Given the luck of the draw, Jordan, like the rest of the afternoon wave, had to tell themselves that they were in a marathon and not a sprint. There was no way the course was going to yield anything close to eight under. It was a survival test to be sure. And, despite bogeys on the first two holes, Jordan was able to do just that. He was able to grind his way to one under par. And, the way he was playing, I was left, as is so often the case with Spieth, wondering how the hell he managed to break par.
The short answer is that he rolled in yet another twenty five footer for birdie on the last hole to get into red numbers. But it was the ugliest one under par round you were ever likely to see. He drove it crooked. He found bunkers, missed greens and makeable putts. But he still found a way to stay in the hunt. In fact, of the afternoon wave, there were few who scored better. His playing partner, Cameron Smith, who lost to Spieth in a playoff at the Aussie Open last year, did him one better with a birdie of his own on eighteen to go two under. But Smith had certainly not hit it as badly as Spieth.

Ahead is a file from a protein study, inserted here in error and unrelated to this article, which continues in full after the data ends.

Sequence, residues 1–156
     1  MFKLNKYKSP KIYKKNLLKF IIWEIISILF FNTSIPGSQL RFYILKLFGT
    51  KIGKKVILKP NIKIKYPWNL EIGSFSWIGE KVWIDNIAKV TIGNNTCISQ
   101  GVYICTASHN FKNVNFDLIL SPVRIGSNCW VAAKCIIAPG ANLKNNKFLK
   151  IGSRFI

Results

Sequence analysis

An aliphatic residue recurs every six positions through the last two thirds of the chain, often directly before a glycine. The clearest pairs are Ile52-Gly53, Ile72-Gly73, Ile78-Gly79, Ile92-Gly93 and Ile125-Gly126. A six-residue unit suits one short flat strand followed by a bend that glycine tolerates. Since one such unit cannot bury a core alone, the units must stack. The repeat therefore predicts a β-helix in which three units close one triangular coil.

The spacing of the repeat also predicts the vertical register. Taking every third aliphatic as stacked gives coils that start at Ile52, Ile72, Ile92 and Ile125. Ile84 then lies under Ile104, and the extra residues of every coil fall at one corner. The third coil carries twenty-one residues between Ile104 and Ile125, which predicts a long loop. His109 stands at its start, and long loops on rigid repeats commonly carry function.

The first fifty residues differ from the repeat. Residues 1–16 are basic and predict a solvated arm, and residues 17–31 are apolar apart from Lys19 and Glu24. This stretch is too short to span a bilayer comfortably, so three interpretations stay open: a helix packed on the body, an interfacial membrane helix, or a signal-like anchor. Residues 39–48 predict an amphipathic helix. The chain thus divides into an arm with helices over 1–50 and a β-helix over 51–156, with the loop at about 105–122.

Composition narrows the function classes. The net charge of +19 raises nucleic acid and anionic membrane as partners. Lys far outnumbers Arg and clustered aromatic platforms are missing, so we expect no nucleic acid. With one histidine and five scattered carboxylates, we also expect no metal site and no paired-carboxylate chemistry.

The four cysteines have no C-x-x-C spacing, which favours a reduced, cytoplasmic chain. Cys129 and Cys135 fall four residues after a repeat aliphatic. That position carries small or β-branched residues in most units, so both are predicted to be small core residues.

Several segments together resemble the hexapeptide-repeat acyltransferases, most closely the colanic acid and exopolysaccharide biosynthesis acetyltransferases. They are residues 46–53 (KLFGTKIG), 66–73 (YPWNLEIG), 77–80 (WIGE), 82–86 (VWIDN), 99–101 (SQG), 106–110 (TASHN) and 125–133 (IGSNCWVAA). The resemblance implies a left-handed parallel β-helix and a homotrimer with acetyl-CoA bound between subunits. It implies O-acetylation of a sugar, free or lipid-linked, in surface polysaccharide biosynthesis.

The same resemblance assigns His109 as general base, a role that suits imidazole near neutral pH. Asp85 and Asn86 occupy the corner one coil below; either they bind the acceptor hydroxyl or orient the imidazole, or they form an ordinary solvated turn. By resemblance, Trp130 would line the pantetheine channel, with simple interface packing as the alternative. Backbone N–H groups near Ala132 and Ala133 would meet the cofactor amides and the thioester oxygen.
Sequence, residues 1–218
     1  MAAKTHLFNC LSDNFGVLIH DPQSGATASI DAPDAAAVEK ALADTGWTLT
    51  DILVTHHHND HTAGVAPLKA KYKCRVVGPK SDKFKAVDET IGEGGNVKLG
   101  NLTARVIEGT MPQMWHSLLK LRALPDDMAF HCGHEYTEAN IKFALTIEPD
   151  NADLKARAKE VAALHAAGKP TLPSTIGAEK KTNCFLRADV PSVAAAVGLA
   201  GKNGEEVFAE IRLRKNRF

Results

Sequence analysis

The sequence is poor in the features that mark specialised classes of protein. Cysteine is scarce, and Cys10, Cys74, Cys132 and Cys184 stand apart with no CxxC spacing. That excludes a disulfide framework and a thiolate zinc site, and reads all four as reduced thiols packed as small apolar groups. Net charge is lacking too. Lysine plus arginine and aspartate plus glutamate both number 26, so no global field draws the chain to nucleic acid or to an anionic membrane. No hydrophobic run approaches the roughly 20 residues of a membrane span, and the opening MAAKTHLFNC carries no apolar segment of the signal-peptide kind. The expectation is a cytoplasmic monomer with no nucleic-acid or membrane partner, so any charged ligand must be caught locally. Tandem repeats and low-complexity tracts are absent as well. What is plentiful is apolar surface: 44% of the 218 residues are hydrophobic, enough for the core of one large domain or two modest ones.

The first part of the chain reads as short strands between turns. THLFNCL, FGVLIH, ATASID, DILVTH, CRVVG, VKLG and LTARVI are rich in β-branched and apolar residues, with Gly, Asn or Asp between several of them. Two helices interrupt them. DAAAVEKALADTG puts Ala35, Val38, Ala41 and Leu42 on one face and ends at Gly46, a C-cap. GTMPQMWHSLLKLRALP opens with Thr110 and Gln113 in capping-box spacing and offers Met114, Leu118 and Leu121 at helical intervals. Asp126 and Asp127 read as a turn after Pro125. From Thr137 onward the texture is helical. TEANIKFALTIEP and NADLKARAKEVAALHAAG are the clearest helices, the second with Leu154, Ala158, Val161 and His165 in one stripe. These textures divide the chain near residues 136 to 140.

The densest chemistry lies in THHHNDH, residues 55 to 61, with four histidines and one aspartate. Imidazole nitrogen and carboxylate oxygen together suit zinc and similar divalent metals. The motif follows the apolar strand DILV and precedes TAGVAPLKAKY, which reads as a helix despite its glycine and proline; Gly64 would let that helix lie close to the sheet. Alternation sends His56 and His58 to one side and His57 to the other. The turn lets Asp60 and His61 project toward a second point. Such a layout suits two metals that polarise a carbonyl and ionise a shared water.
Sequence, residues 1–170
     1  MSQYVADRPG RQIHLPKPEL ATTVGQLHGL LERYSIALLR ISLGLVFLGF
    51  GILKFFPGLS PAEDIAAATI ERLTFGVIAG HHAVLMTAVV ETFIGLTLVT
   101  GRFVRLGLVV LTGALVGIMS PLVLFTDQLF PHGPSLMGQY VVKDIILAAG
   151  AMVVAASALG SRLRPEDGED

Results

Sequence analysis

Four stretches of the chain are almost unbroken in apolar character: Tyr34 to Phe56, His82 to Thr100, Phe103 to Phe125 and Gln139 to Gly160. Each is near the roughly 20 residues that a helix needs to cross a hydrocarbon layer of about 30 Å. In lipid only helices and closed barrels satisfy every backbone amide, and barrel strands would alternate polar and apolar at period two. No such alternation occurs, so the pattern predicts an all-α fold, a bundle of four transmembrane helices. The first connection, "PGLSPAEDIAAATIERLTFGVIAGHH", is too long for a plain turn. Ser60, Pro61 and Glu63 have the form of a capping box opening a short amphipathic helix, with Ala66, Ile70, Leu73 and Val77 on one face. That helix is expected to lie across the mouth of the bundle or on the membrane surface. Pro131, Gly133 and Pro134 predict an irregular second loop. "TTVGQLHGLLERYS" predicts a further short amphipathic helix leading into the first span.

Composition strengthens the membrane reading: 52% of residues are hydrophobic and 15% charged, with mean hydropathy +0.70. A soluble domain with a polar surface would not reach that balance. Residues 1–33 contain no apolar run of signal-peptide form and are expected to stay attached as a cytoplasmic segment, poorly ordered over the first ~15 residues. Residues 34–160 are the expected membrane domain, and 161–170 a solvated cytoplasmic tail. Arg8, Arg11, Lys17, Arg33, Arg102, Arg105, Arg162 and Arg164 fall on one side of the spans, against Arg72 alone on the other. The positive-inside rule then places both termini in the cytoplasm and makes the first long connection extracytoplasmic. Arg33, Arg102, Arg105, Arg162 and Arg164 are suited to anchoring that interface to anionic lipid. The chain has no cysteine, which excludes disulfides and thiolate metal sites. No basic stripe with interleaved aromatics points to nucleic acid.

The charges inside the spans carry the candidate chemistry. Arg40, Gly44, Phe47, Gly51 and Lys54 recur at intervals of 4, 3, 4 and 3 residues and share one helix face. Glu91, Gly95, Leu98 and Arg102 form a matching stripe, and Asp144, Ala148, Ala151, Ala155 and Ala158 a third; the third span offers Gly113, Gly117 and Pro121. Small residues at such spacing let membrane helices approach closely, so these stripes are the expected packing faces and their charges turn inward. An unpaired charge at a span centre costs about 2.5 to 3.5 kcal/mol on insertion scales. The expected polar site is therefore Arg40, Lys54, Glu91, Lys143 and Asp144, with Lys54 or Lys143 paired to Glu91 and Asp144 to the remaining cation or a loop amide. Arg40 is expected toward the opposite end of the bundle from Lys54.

This is the magic of Jordan Spieth. He knows has to play golf as well or better than anyone in the game right now. He manages, by hook or by crook, to make the best score he can possibly make every time he goes out there. It wouldn't surprise me in the least to see him make a score in the benign conditions tomorrow morning and be near the top of the leaderboard.
There are no pictures on the scorecard. Spieth proves that to be the case as much as anyone ever has. He somehow knows how to win ugly. And it's a beautiful thing.